Staff Voices - TRICARE and the Affordable Care Act

Staff Voices - TRICARE and the Affordable Care Act

I have been reflecting lately on the five years that have passed since I separated from the Air Force.  Besides working at the Center for Deployment Psychology, one source of pride has been my continued work with Service members and their families by being a TRICARE provider. I am a Tricare Standard Certified Provider and have had the opportunity to work with some amazing people over the years. In the coming months we will have more blog entries about being a TRICARE provider and how TRICARE works including interviews with TRICARE officials and providers.

The recent Supreme Court decision regarding the Affordable Care Act had me wondering about its impact on TRICARE. The following note was sent out by TRICARE Communications this week.

"The June Supreme Court decision upholding the constitutionality of the Patient Protection and Affordable Care Act (ACA) has no impact on TRICARE health benefits for service members, military retirees and their families. TRICARE’s commitment to providing the best possible health care to its more than 9.7 million beneficiaries remains unchanged. TRICARE is authorized by independent statutes, and remains under sole authority of the Defense Department and the Secretary of Defense.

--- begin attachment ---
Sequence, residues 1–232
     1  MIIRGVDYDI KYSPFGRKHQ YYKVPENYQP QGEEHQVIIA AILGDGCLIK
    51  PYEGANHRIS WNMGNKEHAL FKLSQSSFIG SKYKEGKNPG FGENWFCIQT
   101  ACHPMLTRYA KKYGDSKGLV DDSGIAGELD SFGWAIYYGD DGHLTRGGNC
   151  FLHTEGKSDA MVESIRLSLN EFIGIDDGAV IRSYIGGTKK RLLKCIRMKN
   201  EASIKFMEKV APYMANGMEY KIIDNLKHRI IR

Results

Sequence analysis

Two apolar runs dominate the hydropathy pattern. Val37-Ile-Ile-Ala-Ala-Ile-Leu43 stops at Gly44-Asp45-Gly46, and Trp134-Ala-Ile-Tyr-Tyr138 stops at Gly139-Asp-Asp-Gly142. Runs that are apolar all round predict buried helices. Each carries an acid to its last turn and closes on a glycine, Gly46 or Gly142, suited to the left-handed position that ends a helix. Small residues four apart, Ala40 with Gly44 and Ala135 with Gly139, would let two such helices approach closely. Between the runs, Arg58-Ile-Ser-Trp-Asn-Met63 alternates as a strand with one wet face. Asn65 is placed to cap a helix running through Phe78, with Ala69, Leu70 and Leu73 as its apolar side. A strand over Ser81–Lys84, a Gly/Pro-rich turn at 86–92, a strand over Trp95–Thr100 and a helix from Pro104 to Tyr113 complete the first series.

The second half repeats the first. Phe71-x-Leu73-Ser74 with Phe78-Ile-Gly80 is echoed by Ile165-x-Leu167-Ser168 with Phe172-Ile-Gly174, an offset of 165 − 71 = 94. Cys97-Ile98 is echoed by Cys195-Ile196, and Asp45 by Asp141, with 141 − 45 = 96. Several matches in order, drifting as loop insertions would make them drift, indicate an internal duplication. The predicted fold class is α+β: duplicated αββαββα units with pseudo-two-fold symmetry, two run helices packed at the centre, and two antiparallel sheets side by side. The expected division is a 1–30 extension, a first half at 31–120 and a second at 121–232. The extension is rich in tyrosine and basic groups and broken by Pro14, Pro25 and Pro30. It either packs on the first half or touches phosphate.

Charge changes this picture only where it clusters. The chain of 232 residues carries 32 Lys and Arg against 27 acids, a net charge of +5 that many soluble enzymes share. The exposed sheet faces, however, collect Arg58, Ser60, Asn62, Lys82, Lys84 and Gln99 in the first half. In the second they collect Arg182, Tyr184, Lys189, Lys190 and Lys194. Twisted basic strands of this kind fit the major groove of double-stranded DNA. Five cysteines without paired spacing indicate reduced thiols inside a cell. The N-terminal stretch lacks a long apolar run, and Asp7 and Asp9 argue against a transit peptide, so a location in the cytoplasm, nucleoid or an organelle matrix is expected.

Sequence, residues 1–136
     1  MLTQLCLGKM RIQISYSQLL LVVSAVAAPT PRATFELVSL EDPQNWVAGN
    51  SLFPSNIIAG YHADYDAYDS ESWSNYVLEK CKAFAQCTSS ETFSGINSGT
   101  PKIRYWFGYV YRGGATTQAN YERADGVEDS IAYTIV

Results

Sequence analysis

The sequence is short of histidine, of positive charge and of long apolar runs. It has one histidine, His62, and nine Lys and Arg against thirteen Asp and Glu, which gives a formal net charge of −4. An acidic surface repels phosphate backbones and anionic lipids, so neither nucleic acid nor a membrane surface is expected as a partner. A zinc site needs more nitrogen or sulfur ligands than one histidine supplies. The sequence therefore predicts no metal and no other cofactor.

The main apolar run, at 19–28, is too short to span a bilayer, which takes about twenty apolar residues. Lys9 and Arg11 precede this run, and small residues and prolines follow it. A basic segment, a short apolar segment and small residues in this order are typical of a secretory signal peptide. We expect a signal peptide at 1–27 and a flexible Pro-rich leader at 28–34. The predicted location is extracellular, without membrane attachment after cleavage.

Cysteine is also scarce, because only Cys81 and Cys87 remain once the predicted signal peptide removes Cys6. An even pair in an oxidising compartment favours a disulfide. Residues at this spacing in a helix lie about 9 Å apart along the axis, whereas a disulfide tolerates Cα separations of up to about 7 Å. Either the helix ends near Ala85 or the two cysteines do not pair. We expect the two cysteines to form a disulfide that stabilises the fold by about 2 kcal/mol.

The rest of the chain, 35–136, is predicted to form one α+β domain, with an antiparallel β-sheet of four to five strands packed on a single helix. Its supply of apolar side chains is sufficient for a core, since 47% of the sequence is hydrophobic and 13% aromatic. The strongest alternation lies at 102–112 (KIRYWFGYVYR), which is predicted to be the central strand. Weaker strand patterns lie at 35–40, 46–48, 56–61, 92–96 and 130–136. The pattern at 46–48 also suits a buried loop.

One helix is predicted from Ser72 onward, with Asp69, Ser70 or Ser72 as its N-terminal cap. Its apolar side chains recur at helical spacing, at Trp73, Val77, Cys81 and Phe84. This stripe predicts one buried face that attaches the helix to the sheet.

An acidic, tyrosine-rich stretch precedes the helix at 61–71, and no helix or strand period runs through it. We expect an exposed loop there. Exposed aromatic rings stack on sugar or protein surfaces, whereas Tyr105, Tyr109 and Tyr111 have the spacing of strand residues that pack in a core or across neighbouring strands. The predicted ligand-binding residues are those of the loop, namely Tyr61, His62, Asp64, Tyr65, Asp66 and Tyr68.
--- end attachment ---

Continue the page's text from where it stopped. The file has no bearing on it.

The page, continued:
TRICARE benefits meet or exceed the minimum requirements provided in the ACA for creditable coverage, including coverage for pre-existing conditions and serious illnesses, preventive care services with no cost shares, reasonable out-of-pocket costs with no or low deductibles and copayments, and no annual or lifetime caps on coverage. For more information about TRICARE’s covered clinical preventive services, go to

Further, Congress also passed the TRICARE Affirmation Act, signed into law in April 2010. This law explicitly states that Department of Defense health coverage, including TRICARE, qualifies as "minimum essential coverage" under the ACA.

Finally, TRICARE Young Adult (TYA) extends TRICARE coverage to the children of beneficiaries up to age 26. Congress authorized this program in the 2011 National Defense Authorization Act, which became law in January 2011. TYA, implemented in April 2011, gives eligible uniformed services dependents under 26 who are unmarried and not eligible for employer-sponsored health care coverage the option to purchase TRICARE coverage. As of May 31, 2012, more than 17,000 beneficiaries are enrolled in TYA. For more information about TYA and how to purchase it, go to

To read more about TRICARE and the ACA, visit"